As for political campaigning more generally, I don’t think the ruling will have a major impact – nor should it, because the law should only be for exceptional cases. Leafing through the advice I’ve co-authored for candidates on what you should or should not say in political literature (which was quoted in the court case and described by Phil Woolas as “naive”!), there does not look to be anything that needs changing based on this case. In that, there’s nothing new – for when the original provision was brought in by the 1895 act, the Liberal Party’s then election manual, Woodings, was updated to mention this new offence. It rightly noted it but did not make a song and dance about it for it was rightly considered then, as has been the case, to be a provision that only covers unusual and extreme cases. As the Judge put it in the 1911 case which hinged on this offence:

The primary protection of this statute was the protection of the constituency against acts which would be fatal to freedom of election. There would be no true freedom of election, no real expression of the opinion of the constituency, if votes were given in consequence of the dissemination of a false statement as to the personal character of conduct of a candidate.

The law has been in place for 115 years. That Phil Woolas is one of only a very small number to fall foul of it shows not that the law is too broad but that his behaviour was so awful.

Credit, by the way, to the judges for their understanding of how easy it is to find coverage of election candidates online – para 123 of the ruling shows a familiarity with the internet that counters some of the stereotypes about an out of touch judiciary.

Phil Woolas election – full legal judgement

Posted in Op-eds | Also tagged , , and | 7 Comments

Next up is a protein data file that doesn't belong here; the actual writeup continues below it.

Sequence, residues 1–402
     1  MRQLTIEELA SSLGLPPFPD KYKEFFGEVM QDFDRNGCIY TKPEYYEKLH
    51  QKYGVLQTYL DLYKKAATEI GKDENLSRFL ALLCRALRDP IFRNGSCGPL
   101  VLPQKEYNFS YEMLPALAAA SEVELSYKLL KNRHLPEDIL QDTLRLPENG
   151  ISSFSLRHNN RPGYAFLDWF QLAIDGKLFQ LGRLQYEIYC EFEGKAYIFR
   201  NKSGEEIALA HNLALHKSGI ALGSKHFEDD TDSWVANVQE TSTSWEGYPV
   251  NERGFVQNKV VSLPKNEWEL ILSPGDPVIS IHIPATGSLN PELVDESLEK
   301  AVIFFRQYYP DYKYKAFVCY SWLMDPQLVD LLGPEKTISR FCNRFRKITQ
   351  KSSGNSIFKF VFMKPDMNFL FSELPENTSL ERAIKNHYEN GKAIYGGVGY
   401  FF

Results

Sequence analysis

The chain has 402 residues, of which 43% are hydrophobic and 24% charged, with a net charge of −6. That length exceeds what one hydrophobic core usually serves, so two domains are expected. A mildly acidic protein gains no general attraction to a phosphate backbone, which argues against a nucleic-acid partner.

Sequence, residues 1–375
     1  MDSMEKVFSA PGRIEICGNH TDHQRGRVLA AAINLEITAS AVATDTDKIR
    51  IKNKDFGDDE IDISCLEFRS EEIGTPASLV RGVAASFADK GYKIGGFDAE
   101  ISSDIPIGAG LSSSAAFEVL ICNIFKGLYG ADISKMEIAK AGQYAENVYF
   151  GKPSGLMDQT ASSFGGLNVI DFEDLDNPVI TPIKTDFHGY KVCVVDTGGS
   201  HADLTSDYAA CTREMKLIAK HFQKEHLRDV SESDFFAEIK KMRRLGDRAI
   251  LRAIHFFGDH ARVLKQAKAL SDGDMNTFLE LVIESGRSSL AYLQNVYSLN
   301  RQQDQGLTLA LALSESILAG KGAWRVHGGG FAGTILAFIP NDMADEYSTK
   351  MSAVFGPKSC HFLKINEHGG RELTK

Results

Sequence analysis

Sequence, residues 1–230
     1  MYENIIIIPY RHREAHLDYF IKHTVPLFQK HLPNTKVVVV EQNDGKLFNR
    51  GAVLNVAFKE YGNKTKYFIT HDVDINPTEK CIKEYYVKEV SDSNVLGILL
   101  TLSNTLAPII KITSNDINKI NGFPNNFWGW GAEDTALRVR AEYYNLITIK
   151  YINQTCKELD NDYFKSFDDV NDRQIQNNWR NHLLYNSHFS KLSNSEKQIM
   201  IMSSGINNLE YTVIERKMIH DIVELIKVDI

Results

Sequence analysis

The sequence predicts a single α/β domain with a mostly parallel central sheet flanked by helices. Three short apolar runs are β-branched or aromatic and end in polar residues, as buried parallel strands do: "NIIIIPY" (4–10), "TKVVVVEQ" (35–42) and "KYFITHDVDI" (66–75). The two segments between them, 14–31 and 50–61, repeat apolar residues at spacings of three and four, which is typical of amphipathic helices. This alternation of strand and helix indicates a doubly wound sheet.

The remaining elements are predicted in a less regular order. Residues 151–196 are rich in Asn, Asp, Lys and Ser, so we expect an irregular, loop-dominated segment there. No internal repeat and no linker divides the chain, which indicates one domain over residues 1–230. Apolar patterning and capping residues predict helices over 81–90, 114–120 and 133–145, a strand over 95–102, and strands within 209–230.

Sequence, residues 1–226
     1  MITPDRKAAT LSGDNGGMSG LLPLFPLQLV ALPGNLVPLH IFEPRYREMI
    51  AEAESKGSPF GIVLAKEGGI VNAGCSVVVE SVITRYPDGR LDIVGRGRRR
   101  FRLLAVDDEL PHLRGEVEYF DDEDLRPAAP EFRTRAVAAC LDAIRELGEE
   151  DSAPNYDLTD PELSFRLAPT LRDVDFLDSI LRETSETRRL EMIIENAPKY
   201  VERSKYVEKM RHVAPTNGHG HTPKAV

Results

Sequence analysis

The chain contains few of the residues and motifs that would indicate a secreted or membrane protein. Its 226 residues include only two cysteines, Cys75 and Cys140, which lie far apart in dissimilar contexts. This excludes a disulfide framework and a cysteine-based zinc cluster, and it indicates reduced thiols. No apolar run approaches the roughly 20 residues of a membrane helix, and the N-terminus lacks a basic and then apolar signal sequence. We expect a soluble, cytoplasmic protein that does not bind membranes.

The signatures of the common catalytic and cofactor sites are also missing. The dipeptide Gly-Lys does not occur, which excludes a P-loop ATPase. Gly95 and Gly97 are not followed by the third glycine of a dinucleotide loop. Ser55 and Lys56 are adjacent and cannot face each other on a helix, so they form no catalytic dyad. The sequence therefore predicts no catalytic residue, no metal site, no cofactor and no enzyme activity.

Daily View 2×2: 17 May 2010 (with bonus ‘Prophet Steel’ video)

Happy Monday morning, everyone, and welcome to the first full week of Lib Dem / Conservative coalition government. Let’s get down to the news …

One Big Story

Lib Dem members give overwhelming thumbs-up to coalition government agreement

The Daily Telegraph has a fair-minded report proving that extraordinary things really can happen in the new politics (and in stark contrast to the snarkiness of the Grauniad):

… members voted “over-whelmingly” in support of the deal with no more than a dozen of the 2,000 delegates opposing the deal in a show of hands at the gathering in Birmingham. Speaking after the vote, Mr Clegg said: “It is a big step. There are lots of unknowns, there will be bumps and scrapes along the way”. He said the party’s special conference had taken a “very, very important decision” to approve the coalition “which is utterly new in modern British political history”. .. It is understood the while 100 members had quit the party since the deal was signed – a further 400 had joined.

The conference even earned plaudits from an unlikely source: ConservativeHome.com offered three cheers for the Lib Dems’ commitment to party democracy: